Ovarian cancer is often referred to as a ‘silent killer’, with around one hundred thousand women succumbing to the disease globally each year. Symptoms can be very vague, and the disease often spreads before the cancer can be found.
But there is new hope for early detection. The latest results from a clinical trial led by UNSW Vice-Chancellor, Prof. Ian Jacobs, in collaboration with University College London, have shown a novel new screening method can identify twice as many women with ovarian cancer as existing strategies.
The new screening programme allows researchers to better interpret the changing levels of a specific protein called CA125 (which has been linked to ovarian cancer) through a blood test, giving a highly accurate prediction of a woman’s individual risk.
“The sensitivity is very, very high – much higher than people thought would be possible,” said Professor Jacobs. The new method detected cancer in 86% of women with invasive epithelial ovarian cancer (iEOC).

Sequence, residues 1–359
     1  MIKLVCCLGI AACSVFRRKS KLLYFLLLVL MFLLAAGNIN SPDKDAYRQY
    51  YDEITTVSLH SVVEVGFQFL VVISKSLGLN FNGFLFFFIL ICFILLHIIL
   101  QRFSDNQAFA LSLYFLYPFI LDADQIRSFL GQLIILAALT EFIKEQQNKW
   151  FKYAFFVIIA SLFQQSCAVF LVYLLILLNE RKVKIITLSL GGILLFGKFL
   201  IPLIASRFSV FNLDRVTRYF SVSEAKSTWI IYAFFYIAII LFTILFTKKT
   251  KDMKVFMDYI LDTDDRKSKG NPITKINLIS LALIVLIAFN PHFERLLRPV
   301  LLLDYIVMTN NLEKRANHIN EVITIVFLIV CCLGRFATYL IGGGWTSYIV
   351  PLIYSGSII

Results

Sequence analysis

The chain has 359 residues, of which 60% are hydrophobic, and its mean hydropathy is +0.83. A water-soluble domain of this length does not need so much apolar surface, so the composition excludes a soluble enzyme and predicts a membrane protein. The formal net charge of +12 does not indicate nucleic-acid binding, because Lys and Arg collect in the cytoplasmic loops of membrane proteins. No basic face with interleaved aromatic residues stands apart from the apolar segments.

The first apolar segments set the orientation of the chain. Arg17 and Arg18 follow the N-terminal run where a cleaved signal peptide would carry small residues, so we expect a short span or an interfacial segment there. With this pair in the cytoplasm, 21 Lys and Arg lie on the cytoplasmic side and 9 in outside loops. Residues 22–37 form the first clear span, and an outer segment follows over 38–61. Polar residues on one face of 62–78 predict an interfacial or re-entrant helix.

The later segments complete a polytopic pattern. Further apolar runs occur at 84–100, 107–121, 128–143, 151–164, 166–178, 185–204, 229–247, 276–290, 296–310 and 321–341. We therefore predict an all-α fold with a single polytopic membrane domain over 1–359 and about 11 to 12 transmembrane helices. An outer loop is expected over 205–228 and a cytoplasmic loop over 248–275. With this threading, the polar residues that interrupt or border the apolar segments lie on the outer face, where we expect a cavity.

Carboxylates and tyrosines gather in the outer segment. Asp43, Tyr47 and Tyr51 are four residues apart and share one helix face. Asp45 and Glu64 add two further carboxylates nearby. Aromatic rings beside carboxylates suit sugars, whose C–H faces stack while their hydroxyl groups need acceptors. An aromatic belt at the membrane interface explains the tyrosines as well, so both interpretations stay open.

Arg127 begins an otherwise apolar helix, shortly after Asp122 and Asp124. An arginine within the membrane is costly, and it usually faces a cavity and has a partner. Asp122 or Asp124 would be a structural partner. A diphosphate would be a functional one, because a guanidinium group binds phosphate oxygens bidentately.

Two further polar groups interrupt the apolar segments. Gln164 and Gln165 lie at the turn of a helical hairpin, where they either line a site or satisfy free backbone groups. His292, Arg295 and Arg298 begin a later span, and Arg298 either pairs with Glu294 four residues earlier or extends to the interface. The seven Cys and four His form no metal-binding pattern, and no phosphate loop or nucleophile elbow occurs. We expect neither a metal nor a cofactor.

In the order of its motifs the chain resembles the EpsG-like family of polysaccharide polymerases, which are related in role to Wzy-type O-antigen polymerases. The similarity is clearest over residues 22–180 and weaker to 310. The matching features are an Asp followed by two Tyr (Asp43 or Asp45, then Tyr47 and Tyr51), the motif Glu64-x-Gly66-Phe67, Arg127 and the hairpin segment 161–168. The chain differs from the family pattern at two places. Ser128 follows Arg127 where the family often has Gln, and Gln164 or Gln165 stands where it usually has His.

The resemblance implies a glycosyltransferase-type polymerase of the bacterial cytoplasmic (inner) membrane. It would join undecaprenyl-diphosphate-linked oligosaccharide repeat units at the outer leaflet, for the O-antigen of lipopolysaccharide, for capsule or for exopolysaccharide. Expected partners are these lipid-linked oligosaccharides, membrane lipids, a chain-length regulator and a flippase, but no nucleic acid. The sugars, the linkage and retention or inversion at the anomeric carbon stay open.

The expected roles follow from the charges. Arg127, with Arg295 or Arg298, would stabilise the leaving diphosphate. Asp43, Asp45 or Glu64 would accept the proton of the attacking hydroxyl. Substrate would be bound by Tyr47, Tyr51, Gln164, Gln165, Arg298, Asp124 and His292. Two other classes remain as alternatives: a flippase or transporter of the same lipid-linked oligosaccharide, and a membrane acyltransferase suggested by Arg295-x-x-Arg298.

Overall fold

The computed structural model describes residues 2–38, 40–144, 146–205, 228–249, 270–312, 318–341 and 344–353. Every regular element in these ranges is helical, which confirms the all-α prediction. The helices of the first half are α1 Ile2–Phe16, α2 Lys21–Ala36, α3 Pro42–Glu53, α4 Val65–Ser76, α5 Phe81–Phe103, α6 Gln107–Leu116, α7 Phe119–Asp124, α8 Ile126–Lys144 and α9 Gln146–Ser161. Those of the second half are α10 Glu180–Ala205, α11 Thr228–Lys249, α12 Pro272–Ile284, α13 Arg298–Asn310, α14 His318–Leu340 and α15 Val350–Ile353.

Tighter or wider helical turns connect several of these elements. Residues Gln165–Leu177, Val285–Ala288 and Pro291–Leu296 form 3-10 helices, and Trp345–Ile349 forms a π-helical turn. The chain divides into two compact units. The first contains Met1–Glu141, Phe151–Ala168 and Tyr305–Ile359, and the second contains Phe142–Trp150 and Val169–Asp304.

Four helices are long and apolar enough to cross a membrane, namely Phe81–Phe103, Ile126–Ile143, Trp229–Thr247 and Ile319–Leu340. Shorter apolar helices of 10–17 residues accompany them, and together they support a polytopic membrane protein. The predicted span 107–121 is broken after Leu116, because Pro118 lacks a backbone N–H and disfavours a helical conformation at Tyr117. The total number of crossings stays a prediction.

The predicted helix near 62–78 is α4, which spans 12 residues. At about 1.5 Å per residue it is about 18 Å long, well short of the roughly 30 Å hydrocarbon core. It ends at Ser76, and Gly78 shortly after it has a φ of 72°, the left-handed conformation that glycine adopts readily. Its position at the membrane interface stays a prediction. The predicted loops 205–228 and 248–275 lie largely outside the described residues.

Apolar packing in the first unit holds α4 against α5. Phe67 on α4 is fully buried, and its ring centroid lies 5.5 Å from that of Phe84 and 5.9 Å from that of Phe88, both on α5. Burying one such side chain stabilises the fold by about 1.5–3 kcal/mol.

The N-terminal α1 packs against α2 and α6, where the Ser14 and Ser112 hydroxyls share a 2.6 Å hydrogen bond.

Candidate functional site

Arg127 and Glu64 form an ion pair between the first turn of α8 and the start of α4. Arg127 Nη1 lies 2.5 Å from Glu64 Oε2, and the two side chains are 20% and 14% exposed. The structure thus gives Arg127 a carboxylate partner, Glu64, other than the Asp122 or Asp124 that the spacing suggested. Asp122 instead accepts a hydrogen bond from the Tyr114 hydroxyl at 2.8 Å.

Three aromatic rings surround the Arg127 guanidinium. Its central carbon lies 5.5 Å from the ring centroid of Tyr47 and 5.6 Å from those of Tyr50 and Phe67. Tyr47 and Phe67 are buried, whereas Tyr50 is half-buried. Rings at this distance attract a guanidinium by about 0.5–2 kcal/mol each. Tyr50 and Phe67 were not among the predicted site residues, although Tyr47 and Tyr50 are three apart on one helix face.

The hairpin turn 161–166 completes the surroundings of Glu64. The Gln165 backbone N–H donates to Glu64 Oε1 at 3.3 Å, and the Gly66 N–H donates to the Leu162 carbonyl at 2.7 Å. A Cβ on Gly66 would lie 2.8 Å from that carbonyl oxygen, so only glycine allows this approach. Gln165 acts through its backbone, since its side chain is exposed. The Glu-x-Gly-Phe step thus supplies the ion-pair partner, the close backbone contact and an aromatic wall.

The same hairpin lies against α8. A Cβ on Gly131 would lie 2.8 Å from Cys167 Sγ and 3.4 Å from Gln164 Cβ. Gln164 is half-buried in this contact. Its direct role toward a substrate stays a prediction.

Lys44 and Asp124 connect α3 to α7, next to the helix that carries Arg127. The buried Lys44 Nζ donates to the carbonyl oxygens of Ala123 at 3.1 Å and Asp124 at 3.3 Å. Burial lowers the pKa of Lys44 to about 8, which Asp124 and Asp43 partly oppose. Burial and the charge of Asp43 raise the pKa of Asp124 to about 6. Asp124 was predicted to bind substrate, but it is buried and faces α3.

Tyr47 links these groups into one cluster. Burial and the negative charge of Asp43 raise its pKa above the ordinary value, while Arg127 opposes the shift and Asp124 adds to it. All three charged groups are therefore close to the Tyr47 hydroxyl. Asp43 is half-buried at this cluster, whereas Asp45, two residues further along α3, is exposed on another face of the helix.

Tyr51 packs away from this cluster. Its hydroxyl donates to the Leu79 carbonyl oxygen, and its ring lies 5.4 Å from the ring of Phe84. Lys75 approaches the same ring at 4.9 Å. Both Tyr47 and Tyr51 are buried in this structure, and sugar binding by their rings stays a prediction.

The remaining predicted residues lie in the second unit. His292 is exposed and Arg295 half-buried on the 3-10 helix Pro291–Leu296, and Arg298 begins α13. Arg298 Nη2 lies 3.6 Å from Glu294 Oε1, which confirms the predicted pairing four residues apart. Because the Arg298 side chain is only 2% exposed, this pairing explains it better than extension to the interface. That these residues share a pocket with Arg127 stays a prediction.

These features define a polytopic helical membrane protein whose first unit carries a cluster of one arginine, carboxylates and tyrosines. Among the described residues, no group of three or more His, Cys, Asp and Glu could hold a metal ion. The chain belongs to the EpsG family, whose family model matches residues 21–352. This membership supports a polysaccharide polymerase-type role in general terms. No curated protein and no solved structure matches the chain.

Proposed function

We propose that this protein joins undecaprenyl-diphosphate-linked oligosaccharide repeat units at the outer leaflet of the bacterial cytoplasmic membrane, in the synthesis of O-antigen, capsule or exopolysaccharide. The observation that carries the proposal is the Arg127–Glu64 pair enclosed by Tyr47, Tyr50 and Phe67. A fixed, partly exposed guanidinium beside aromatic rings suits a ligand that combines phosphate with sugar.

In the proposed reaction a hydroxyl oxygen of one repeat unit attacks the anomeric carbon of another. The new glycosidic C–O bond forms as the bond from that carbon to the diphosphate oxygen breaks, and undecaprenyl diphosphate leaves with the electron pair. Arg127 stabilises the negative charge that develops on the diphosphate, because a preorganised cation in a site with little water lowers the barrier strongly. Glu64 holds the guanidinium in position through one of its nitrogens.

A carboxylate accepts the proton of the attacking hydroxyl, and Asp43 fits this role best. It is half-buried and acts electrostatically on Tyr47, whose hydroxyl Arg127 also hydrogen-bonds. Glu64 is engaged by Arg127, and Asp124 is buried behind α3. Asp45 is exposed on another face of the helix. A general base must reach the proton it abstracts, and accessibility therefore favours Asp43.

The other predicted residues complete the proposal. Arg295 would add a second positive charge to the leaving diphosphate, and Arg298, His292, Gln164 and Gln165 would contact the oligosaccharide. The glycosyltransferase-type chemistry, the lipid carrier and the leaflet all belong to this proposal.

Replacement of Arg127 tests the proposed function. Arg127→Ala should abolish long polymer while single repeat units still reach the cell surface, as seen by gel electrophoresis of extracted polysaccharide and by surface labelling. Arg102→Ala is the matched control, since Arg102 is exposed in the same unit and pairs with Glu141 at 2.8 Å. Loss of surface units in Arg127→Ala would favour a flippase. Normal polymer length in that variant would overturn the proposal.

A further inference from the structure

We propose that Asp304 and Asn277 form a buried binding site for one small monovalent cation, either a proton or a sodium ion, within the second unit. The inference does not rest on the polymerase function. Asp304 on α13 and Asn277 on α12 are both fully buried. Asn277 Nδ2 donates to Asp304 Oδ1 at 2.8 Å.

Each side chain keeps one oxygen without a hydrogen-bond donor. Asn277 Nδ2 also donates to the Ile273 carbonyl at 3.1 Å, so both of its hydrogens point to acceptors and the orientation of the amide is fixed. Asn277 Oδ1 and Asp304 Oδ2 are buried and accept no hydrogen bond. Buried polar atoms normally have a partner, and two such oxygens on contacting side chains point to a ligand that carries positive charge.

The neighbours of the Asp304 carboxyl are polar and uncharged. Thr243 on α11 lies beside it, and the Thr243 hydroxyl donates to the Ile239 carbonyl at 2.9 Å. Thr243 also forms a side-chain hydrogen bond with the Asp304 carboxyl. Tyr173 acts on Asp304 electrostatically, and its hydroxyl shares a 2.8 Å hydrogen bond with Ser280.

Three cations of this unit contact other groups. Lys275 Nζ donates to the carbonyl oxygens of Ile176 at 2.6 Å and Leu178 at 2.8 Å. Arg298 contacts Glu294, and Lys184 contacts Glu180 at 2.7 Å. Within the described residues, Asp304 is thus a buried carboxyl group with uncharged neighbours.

Previous methods, which detected just 41%, would only raise concern once the concentration of this protein had passed a fixed threshold. The problem with this was that certain women with high levels didn’t actually have cancer, while others with levels below the threshold did.
Professor Jacobs says, “What’s normal for one woman may not be so for another. It is the change in levels of this protein that’s important.”
The trial involved over two-hundred thousand post-menopausal women aged 50 or over and was the largest of its kind to date in the world.
“My hope is that when the results of UK Collaborative Trial of Ovarian Cancer Screening are available, this approach will prove capable of detecting ovarian cancer early enough to save lives.”
Prof. Jacobs’ team are awaiting further test results later this year before the method has proved capable of detecting ovarian cancer early enough to save lives. If these results are positive, Prof. Jacobs says the method will likely be adopted in an annual screening program.
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